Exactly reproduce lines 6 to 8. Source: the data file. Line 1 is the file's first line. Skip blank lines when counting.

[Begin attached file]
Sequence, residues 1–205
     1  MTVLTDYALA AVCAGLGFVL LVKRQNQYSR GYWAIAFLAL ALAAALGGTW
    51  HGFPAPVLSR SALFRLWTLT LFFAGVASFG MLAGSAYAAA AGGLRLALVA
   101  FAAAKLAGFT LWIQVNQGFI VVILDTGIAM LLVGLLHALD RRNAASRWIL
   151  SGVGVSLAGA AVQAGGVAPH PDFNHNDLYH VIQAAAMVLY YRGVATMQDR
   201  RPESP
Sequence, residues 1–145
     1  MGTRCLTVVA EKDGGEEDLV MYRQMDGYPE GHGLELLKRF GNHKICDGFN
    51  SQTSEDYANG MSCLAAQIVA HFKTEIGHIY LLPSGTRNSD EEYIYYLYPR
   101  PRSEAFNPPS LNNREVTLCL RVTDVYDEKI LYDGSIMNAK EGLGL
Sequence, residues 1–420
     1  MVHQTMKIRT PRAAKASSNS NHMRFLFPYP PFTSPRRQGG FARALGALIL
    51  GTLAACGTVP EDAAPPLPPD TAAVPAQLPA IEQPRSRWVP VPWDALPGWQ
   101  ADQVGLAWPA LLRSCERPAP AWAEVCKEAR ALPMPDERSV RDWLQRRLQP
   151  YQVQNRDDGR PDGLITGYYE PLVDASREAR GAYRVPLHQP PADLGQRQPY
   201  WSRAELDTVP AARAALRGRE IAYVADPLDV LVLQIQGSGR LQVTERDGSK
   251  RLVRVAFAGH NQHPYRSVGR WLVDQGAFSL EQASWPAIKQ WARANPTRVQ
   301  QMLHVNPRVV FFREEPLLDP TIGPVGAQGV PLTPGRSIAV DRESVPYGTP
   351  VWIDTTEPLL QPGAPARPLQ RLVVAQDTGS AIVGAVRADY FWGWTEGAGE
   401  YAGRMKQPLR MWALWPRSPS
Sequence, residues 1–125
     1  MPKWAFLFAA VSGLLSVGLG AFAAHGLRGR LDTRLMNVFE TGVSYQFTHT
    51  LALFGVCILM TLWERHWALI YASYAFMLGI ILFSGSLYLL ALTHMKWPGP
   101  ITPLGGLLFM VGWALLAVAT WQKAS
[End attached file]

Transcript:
   201  RPESP
Sequence, residues 1–145
     1  MGTRCLTVVA EKDGGEEDLV MYRQMDGYPE GHGLELLKRF GNHKICDGFN